7. NO BREED OF DOG IS GENETICALLY DANGEROUS Reported by Attorney S. Zendorf Toledo Ohio "On August 30, 2002 the Alabama Supreme Court affirmed a Circuit Court Decision that four American Pit Bull Terriers born at the Huntsville Animal Control Shelter did not lack any useful purpose" as required by the local ordinance Huntsville v. Four Pit Bull Puppies (Ala. 08-30-02), No.1010459, unreported. The court determined that the puppies were not trained to fight and were not vicious. In addition, it held that three women who wanted to adopt them had a right to intervene. The City of Huntsville claimed the Pit Bull puppies were genetically dangerous, used expert witness testimony, and appealed to the Alabama Supreme Court after the lower court rejected its arguments and evidence. The Alabama Supreme Court granted the Washington Animal Foundation's petition to participate in the proceedings as Amicus Curiae because the Foundation is an expert on canine genetics. The Foundation provided expert testimony to prove that Pit Bulls and other breeds are not inherently genetically dangerous and must be trained to fight". S.Zendorf (Attorney at Law)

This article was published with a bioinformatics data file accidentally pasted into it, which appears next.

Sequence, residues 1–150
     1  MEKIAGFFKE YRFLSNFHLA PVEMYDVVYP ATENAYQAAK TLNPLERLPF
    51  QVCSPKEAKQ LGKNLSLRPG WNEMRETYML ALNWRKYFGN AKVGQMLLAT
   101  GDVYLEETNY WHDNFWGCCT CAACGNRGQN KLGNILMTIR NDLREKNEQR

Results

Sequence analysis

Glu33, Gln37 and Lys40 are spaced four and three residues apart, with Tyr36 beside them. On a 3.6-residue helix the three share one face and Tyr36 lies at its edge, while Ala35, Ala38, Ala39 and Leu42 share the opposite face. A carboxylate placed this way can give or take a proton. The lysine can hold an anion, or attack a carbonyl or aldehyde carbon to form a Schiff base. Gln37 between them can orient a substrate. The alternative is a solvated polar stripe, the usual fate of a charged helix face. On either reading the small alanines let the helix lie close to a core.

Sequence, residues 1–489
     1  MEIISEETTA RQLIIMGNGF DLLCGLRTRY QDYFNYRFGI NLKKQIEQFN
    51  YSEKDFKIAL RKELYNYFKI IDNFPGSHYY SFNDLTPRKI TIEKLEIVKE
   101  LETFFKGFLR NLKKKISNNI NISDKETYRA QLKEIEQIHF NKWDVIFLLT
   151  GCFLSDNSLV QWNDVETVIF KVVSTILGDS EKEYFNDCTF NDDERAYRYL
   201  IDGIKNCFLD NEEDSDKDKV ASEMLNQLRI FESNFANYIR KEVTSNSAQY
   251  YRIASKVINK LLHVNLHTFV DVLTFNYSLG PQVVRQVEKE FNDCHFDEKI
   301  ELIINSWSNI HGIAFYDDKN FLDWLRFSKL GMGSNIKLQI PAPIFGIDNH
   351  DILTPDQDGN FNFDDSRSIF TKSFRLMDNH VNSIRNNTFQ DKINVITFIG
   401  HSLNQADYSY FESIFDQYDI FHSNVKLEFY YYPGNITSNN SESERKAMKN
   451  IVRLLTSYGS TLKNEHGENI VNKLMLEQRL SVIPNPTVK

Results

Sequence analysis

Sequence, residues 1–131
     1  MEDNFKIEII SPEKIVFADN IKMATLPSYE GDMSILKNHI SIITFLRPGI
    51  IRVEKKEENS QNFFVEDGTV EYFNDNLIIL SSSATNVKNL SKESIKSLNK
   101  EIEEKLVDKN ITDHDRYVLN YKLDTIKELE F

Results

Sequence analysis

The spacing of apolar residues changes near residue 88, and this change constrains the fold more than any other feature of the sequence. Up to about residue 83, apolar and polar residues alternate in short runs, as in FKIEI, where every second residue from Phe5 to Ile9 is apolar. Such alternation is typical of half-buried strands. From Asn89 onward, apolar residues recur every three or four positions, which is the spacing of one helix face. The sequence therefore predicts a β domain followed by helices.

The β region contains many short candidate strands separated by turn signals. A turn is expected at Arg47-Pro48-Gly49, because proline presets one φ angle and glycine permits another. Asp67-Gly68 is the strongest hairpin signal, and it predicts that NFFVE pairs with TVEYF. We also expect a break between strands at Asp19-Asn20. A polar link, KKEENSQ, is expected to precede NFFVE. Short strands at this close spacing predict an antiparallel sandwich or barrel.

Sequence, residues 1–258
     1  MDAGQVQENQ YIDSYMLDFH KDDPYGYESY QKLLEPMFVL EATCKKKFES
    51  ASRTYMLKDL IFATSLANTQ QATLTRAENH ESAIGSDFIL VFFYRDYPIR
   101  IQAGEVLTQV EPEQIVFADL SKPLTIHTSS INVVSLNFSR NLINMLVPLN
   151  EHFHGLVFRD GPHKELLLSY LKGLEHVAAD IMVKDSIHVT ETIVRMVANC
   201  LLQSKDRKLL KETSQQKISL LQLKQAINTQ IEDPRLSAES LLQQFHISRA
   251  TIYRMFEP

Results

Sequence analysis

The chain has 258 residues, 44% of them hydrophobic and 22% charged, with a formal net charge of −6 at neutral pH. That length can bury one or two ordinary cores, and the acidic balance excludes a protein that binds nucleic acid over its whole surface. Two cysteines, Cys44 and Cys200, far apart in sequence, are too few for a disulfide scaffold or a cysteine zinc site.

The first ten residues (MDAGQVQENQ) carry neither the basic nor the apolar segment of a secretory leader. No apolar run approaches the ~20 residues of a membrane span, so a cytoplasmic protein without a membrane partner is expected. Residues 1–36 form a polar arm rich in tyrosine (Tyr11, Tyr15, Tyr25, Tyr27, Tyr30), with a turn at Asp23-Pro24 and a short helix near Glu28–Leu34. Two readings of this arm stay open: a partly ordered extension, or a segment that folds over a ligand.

8. FATAL DOG ATTACKS IN TEXAS The state of Texas has had over 40 fatal dog attacks since 1965 ranging from a Brittany Spaniel to Great Danes. Studies show us that severe mauling's have occurred from many different breeds in many cities throughout Texas and many of these go without attention that the media give to certain breeds such as the Rottweiler and American Pit Bull Terrier. Targeting a specific breed of dog will do nothing to reduce dog bite related injuries from occuring.
9. EFFECTIVE CANINE LEGISLATION Strong laws that penalize the owners, regardless of the breed are what is needed. These types of laws are valid, have merit and are not vague or capricious. ACF supports laws that hold owners accountable for their dog's behavior.
Sincerely, American Canine Foundation Jeff ShaverJeffery J. ShaverWhite Shaver11200 Westheimer, Suite 200Houston, Texas 77042713/953-0860 telephone713/953-0917*Board Certified - Personal Injury Trial LawTexas Board of Legal Specialization